Writing on Colanzi, as well as authors such as Ximena Miranda and Catalina Infante, for the journal Chasqui last year, Gabriel Saldías Rossel, Carolina A. Navarrete González, and Claire Mercier argue that these “borderline” and “posthuman” stories “emphasize the barely circumstantial role of the human being in a cosmic ecosystem that burdens and subordinates them. Under these conditions, human participation depends, in a large way, not on what one can do, but, rather, on one’s capacity to know, read, adapt, and transform oneself.” But in these clear-eyed, surprising stories, human systems also subordinate: corporations, colonization, poverty, violent cops, language itself. Still, people play music and paint and have children. In Colanzi’s oeuvre, which in English translation also includes the collection Our Dead World (Dalkey Archive, 2017), the Bolivian Altiplano and the Martian desert are alive with multifarious, even irreconcilable, metaphysics. Fiction becomes a place to engage—though not integrate—these coexistences.


In an interview with Latin American Literature Today, Colanzi said,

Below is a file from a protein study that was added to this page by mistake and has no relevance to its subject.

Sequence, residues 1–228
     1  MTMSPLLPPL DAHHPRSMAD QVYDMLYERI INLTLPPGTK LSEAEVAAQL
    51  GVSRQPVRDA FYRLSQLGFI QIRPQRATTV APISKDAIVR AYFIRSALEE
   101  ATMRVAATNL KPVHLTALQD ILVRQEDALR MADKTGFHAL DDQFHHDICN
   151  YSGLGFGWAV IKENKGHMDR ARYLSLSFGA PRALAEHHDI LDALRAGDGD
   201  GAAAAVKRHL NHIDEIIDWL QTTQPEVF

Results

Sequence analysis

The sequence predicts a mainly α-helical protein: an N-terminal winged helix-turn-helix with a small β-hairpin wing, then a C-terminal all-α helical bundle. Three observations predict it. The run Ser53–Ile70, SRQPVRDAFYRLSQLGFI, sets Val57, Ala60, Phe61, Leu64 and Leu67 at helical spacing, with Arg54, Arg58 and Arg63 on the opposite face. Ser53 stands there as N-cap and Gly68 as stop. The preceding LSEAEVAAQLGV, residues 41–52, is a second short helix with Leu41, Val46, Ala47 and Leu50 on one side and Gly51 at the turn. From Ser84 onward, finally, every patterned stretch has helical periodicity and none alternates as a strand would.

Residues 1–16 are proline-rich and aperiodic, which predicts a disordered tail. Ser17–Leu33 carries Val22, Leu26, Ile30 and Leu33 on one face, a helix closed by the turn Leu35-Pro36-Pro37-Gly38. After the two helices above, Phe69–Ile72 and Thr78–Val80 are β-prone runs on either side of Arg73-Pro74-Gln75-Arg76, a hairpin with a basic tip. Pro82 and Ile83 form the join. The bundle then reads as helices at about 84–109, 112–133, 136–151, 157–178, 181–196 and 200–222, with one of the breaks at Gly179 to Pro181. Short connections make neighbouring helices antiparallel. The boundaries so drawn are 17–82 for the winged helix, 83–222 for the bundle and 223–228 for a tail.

[Argentinian poet] María Negroni sees the Latin American fantastic as a derivation of the gothic. In the gothic tradition (and in much of the Latin American fantastic), the “other” is presented as a threat, as what produces fear and friction, unlike in the English fantasy genre where the strange element is incorporated as if it were natural, and a talking animal or dragon can form part of a world rather than exist as anomalies.

Anglophone fantasy and speculative fiction often normalize, and thus defang, the tension between reality and unreality. These post-gothic traditions, to which Colanzi’s writing belongs, heighten the underlying eeriness of everyday life, thereby denaturalizing the parts we might take for granted or consider normal. This literature asks if realism was ever depicting anything like lived reality. In You Glow in the Dark, modes of knowing and reporting vibrate against one another: folk Catholicism, science and medicine, the false memory of dictatorship, legal discourse, journalism, macumba, hard sci-fi, Aymara language, repressed desires, dreamscapes, Indigenous cosmovisions, and so on. For Colanzi, a single perspective, a single way of writing, or even a single metaphysics never dominates.

Indeed, Indigeneity is baked into the European gothic: motifs that Bram Stoker used in Dracula (1897) can be traced to the bat-man of precolonial Latin American cultures, for example. As Carmen A. Serrano argues in Gothic Imagination in Latin American Fiction and Film (University of New Mexico Press, 2019), the original gothic wave in Latin America never merely mimicked European authors but reconfigured the genre for a variety of social and political contexts.